At any rate, our evening at least went well. Brein and Roryann came over for the Forgotten Grapes wine tasting and brought some fabulous food. That helped a lot. I think it helped Seamus too. But, I couldn't even stay awake for the whole thing. I took a nap when they first got here (my usual nap when I get home from work) but was not too successful. Then around 9 o'clock I had to lay down on the couch and nap again (not a very good hostess, but they were understanding). So I guess with the compromised immune system comes the compromised ability to deal with stress. I blame the government. At any rate, this was a long way of saying I'm also too tired now for much of a blog post. Sorry. The next one will have to be special though. It will be the 100th post! See you then.

Confusing 2-Part Poll

So I guess I am wordy. There is a new poll and it is a two-parter. It's on the right and you have to scroll down a bit. But note there are two polls--they look similar but there is a key difference. The first poll is what epiphany I'm likely to have and the second one, right below what epiphany I should have. Big difference. Some of you only voted on the first. Scroll down. Vote on the second. I need encouragement toward an epiphany!

We will return to regular posting tonight.

Saturday, April 25, 2009


Never has a girl been so excited to have stubble on her legs!! Or to have her boyfriend point it out to her. So last night Chris and I and Seamus are on the couch watching a movie in our usual position (Seamus snuggled down between us, my legs across Chris's lap, Chris with one arm around me and Seamus and the other hand on my legs...or holding a drink. Sometimes both). And suddenly Chris says, "You have stubble!" What? Huh? Alert the media! That would mean hair!! Or the start of hair. Now it wasn't a lot, and it's on my legs, not my head, but it's stubble! After 6 weeks of hairlessness, this is rather amazing. And sure, it's likely to fall right back out next week after chemo #4, but how exciting to know there's hair under there just dying to make a comeback! I find this inspiring. Like the moment chemo #4 wears off, the hair growing will begin in earnest. My bald days are numbered. Which means I really need to do a bald photo soon, for all posterity. After all, I really don't plan on doing this again.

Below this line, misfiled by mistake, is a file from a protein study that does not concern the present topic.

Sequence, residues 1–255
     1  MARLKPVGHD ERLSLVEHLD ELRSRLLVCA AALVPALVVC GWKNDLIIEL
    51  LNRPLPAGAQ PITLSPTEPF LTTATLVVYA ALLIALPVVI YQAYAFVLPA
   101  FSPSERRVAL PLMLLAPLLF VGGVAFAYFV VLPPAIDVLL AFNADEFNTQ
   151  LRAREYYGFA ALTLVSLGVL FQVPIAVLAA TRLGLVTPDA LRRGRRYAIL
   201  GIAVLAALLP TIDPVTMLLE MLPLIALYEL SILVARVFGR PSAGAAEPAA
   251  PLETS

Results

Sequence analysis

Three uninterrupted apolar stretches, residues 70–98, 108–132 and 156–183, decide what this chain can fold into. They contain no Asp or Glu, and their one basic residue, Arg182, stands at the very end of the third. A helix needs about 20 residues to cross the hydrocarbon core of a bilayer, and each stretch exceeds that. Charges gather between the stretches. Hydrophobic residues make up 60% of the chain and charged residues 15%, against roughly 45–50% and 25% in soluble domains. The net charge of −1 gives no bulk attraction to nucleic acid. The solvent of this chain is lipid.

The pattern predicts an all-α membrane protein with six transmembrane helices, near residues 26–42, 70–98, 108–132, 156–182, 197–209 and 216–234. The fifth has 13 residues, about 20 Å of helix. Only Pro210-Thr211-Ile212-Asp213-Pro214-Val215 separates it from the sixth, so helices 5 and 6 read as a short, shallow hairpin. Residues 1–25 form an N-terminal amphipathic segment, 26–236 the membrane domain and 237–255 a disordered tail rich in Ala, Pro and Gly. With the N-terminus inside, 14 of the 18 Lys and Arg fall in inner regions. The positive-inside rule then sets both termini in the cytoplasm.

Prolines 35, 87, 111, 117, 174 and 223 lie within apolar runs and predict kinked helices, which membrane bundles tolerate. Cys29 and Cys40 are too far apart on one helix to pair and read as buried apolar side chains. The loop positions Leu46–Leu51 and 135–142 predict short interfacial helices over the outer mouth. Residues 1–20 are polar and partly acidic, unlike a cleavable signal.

I did make it to a full week of feeling good and working. Felt very, very good to accomplish that. Seamus is also feeling better. Seems he pulled a muscle or something in his back. He gets a bit better every day. And last night Chris and I made our plans and reservations for 1) La Jolla/ San Diego in May, 2) an estate planning/work conference in Chicago in August (with a few extra play days), and 3) The big island of Hawaii and Maui December 15 to 26th! I will admit I bought the travel protection plan in a bit of caution over the August trip. I finish up radiation in mid-July and we'd leave August I'm cautiously optimistic. Really looking at that bright, shiny light at the end of the tunnel (no train jokes, please).

This will probably be the only post this weekend. We've got dinner with the great and good Dr. Karam at Omakase tonight and the LA times Festival of Books tomorrow, followed by dinner with Chris's family for his sister Courtney's 25th birthday celebration. Luckily, we can go to his sister Kati's apartment between events so I can nap (only way that schedule would work!). But this will leave no time for blogging. So, just to tide you over, a new poll has been posted--look over to the side bar. It's even a two-parter. This should keep you contemplating all weekend. But don't worry, I'm sure I'll have plenty to report by Monday night. And next week is "chemo week"--the blood tests, meds prep, final chemo and aftermath week. So you know there will be some serious blogging then. Let's all rest up.